The fibre landscape is undergoing a shift in terms of functionality and consumer-friendly marketing. Whole-grain FDA-permitted health claims have ignited the search for new fibre sources. Mark J Tallon, PhD, examines the novelty and differentiation expected from the next generation of fibre sources, including delivery system differences, and their associated implications for health
Fibre is a digestive aid that can be defined as soluble or insoluble, classifications based around its ability to dissolve in water. Sources can be extracted and delivered from many natural products including barley, buckwheat, corn, quinoa, rye, triticale, wheat and wild rice. Soluble and insoluble categories of fibre can be present at different ratios and amounts in these sources, and as such confer significantly different functional properties, particularly following fermentation of soluble fibres, which can be metabolically active and health enhancing.
The use of food-based fibres in human nutrition has demonstrated an ability to regulate postprandial blood-sugar and insulin levels,1 decrease the risk of cardiovascular disease (CVD),2 and improve digestive health.3 Recent studies are even showing applications in weight-loss, cancer and bone-health markets. As such, the following gives an overview of the best of the crop.
The functional properties of fibre as previously discussed are integrally linked to its rate of digestion (solubility). In a study conducted in Spain, researchers investigated the effect of soluble- and insoluble-fibre consumption derived from psyllium (Plantago ovata) husk on lipid-risk factors in patients with CVD.4
The researchers compared the effects of soluble P. ovata husk fibre with those of insoluble P. ovata seed fibre on plasma lipid, lipoprotein, and apolipoprotein (apo) concentrations within a CVD secondary prevention programme. In a randomised, crossover, controlled design, 28 men with CVD (myocardial infarction or stable angina) consumed a low saturated-fat diet supplemented with 10.5g P. ovata husk/day or 10.5g P. ovata seeds/d for eight weeks.4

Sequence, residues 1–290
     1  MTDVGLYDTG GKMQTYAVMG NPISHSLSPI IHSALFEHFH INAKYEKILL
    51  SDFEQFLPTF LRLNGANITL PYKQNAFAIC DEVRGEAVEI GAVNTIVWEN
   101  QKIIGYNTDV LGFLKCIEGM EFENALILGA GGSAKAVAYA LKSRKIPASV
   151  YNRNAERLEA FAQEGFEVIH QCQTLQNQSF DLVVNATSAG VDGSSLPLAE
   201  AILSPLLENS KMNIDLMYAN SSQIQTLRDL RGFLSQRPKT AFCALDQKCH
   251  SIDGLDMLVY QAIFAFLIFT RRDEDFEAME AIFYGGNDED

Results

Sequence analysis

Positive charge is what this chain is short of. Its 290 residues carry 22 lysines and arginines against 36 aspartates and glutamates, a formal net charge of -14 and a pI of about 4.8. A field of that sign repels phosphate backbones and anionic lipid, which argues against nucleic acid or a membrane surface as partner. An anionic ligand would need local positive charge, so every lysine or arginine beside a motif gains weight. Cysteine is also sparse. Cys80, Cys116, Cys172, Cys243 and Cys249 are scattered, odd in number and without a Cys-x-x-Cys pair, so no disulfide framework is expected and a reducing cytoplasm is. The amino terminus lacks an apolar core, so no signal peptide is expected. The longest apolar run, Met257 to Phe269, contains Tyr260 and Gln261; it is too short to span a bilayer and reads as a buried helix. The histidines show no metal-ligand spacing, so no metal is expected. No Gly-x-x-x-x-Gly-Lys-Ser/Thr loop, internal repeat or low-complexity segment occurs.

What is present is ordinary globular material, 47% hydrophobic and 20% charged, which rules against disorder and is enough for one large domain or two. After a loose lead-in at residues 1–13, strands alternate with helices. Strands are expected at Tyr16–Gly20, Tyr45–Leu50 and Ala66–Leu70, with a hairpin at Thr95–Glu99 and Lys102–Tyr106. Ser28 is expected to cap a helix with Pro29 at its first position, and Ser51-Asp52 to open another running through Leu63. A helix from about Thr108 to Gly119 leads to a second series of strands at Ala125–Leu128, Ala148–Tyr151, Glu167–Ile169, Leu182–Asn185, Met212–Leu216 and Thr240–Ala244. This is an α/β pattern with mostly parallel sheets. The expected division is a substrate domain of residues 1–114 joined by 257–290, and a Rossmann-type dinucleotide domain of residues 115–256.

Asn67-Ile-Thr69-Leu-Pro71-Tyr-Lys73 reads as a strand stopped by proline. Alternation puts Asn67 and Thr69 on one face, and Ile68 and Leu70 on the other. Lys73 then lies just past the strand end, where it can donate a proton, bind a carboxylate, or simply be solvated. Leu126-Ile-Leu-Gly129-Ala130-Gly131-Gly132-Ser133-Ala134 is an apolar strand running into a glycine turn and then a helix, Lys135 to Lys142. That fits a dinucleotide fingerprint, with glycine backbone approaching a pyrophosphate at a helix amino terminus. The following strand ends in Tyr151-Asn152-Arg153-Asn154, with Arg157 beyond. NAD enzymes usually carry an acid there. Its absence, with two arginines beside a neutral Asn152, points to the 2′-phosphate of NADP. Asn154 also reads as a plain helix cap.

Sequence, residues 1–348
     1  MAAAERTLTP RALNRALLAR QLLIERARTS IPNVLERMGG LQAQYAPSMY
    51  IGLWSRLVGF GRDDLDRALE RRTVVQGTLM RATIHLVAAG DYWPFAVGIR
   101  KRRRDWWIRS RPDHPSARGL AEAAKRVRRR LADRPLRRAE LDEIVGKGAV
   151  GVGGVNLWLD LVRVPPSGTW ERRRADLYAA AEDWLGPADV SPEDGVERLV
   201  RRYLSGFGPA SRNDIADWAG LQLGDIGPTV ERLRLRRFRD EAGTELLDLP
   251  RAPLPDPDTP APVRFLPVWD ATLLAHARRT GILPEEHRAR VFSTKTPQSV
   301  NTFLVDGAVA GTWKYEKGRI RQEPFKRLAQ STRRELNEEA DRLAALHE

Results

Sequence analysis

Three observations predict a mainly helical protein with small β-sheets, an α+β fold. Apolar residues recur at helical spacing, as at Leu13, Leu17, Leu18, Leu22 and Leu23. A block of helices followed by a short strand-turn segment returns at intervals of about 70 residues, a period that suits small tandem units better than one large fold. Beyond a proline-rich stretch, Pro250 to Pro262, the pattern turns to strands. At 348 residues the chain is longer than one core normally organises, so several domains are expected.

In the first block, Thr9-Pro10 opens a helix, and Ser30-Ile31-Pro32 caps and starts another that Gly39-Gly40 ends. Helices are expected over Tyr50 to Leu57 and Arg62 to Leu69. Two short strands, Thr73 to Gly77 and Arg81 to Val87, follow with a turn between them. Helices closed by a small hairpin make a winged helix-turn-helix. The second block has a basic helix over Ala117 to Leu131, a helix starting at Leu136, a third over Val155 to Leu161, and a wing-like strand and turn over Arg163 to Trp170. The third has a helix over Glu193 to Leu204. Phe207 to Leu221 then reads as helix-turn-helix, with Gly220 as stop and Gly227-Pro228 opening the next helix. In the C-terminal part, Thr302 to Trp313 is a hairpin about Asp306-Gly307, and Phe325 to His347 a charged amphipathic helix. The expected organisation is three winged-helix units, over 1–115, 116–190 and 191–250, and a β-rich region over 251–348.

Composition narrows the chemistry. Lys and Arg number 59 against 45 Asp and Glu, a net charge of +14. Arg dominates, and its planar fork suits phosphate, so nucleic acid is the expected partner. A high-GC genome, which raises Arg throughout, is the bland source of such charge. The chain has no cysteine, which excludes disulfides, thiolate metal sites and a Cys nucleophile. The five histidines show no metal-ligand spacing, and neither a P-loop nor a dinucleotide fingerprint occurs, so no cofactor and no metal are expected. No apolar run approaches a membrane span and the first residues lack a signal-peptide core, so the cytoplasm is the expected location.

Plasma triacylglycerol decreased, as did the ratio of apo B 100 to apo A-I, while apo A-I increased (4.3 per cent) in P. ovata husk consumers. Compared with the intake of insoluble fibre, the intake of P. ovata husk increased HDL-cholesterol concentrations by 6.7 per cent and decreased the ratio of total to HDL cholesterol and of LDL to HDL cholesterol by 10.6 per cent and 14.2 per cent, respectively.
The take-home lessons from the markers analysed within this study suggest that P. ovata husk intake reduces cardiovascular disease risk-factor profiles to a greater extent than an equivalent intake of insoluble fibre.
Fibre for weight management
The influence of exercise on health and particularly weight loss and body composition has been well reported within the academic literature. However, the use of dietary fibre as an adjunct to enhance the favourable effects of exercise has not been investigated to a significant degree.
Glucomannan (konjac) was used by researchers recently looking to rectify this by investigating the combined influence of soluble fibre and exercise on body composition and blood markers of cardiovascular health.5
In an eight-week supplementation and exercise study, 22 sedentary men and women who were overweight were given 3,000mg glucomannan combined with either no exercise (No-Ex) or a resistance and endurance exercise training programme (Ex). The exercise training consisted of three weekly sessions of approximately one hour of a nonlinear periodised total-body resistance exercise programme followed by 30 minutes of endurance exercise.